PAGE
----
Looking For Something To Pass Down? Try a Yellow Gold Emerald Cut Engagement Ring
Yellow gold was all the rage for engagement rings back in the 1980s and 1990s, but it took a bit of a dip in recent years. Now? It’s surging in popularity again — and for good reason: It’s absolutely gorgeous. Paired together with a step-cut stone in a yellow gold emerald cut engagement ring, it’s the elegant combination of two surging trends.
And it’s timeless, too. A diamond set in a yellow gold ring will always have a sophisticated vibe to it, even as other metal styles come and go. When you pick yellow gold you’ll know you have one that can be passed down, and cherished, for generations to come.
Things to consider when buying a yellow gold emerald cut engagement ring
That said, there are a few things to keep in mind before you set your heart on a yellow diamond emerald cut diamond ring.
First thing’s first: Don’t try to skimp on the clarity of your diamond. Emerald diamonds are step cuts, meaning they don’t have the same number of facets as brilliant cut diamonds. Step cuts don’t shine in the same way and don’t have the facets that’ll help distract from stones with more inclusions.
But here’s one of the good things about opting for a step-cut emerald diamond: They don’t emphasize color. Diamonds will pick up color from yellow and rose gold settings, so opting for a lower color grade, like an H or an I color diamond, will contrast less with the setting and make your stone appear whiter (and the stone’s faceting works well for this, too).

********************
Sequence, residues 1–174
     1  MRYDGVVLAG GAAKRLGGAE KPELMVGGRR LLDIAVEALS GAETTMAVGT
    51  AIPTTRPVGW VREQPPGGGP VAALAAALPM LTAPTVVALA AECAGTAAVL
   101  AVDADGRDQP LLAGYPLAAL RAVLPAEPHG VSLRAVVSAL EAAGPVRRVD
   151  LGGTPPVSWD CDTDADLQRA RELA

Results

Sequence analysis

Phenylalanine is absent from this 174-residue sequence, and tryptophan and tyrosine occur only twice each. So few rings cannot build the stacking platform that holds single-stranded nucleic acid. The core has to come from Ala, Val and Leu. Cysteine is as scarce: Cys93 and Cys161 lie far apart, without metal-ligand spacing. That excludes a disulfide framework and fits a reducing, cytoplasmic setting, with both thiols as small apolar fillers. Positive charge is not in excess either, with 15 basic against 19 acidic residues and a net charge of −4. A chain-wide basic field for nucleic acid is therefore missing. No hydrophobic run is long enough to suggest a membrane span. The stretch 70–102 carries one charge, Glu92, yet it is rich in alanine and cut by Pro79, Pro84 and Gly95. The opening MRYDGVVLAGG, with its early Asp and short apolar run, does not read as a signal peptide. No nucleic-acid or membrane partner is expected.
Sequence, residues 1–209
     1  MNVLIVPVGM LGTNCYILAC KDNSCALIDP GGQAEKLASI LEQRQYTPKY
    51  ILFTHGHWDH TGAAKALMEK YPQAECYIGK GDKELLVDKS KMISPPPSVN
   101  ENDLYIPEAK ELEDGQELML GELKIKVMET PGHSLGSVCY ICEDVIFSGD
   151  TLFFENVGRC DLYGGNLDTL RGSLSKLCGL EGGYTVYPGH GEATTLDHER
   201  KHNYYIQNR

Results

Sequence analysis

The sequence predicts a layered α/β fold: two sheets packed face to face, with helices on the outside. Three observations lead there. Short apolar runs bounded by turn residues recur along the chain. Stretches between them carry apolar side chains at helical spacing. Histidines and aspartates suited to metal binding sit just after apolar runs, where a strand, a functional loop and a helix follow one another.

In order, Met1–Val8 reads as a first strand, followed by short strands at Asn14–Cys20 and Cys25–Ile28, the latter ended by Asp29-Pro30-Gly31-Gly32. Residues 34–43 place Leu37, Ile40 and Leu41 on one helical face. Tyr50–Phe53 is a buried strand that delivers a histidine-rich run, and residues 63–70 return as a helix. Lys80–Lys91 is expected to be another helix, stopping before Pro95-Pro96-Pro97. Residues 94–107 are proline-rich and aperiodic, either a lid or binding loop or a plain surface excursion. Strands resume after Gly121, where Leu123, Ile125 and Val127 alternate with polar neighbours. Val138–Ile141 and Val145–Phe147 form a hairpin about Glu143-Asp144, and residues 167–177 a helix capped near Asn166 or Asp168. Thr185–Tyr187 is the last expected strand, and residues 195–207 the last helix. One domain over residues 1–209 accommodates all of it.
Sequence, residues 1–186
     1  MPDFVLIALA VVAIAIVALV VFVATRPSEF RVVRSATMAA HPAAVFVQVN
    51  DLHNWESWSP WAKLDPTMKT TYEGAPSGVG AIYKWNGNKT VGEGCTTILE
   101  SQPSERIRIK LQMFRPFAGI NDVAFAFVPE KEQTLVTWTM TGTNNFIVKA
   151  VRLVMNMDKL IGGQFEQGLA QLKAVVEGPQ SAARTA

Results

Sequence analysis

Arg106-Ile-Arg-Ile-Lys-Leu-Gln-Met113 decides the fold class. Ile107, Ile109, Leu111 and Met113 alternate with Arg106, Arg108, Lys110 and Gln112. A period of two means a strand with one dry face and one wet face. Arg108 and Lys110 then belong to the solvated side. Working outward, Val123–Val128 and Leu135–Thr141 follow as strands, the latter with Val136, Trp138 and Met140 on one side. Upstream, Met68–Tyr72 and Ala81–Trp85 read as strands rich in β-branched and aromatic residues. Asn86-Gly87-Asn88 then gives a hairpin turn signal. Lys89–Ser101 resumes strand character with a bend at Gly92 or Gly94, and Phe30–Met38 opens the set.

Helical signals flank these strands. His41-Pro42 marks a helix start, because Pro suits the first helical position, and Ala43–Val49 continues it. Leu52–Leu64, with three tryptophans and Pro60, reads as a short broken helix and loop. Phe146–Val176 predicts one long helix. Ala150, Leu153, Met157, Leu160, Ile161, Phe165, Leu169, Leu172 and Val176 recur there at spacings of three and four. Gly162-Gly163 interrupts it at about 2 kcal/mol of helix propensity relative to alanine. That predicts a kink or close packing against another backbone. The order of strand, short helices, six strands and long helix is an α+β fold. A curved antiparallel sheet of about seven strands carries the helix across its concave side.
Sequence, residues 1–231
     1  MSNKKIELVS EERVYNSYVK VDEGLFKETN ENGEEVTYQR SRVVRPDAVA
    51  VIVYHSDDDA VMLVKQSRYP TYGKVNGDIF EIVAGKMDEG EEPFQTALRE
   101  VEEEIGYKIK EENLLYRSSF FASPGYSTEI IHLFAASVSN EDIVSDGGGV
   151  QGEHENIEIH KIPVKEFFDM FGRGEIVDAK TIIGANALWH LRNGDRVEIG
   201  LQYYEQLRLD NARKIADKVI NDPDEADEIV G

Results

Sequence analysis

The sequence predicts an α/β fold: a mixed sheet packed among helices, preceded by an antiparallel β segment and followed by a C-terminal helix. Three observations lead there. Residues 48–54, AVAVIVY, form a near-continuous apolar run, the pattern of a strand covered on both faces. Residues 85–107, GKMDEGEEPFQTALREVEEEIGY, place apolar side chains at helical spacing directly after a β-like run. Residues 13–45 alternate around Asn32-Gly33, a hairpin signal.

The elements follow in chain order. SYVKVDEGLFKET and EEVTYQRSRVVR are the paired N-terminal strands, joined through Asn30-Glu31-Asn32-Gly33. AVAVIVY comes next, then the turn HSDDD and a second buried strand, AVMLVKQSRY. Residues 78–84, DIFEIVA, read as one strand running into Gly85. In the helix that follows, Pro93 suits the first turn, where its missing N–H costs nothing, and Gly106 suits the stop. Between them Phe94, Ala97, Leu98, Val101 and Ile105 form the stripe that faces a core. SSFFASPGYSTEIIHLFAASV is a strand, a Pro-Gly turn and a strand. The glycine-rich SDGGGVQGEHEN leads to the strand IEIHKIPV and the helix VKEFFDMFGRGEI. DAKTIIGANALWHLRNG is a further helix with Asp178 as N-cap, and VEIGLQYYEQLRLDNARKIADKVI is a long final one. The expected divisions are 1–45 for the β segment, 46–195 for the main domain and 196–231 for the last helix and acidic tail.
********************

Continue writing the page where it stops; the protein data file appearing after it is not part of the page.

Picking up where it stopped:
You’ll also need to decide which length to width ratio you like on your emerald cuts. Although longer and skinnier is certainly one way to go, you need to keep an eye out for ratios that skew too far this way and end up looking like baguettes. If you’re unsure where to look for this, one of our on-staff gemologists can help.
You’ll also need to pick your shade of yellow gold
Here’s something you might not realize: Yellow gold isn’t pure gold. Although everyone wants to have “real” gold, the reality is that 24 karat gold — AKA pure gold — is too soft to use in rings. So, gold is combined with other metals to make it suitable for jewelry.
You have two choices when it comes to yellow gold: 18 karat and 14 karat. While the number you pick comes down to preference, there are some key differences you need to know. While 18k gold is brighter than 14k, it’s also softer and can scratch easier because it contains more pure gold than other metals. That means 14k yellow gold has less real gold, but it’s much more durable than because it’s strengthened by the alloy.
Top yellow gold emerald cut engagement rings
Have your heart set on a yellow gold emerald cut engagement ring? We have you covered. We’ve rounded up our top picks that range from a traditional style to a more modern, sleek feel. You’re sure to find one here that ticks all your boxes. And if you don’t, keep in mind that this is only a small peek into our full collection of settings that can be turned into yellow gold emerald cut diamond rings.
East West Pave Diamond Engagement Ring
You don’t follow the crowd, so why would you pick the same diamond engagement ring as everyone else. The East west pave diamond engagement ring gives you the same beautiful combo of the emerald cut diamond with the yellow gold band, just oriented a different way. Bonus: The 0.16 carats of pave diamonds adds a bit of extra bling to the eye-catching set.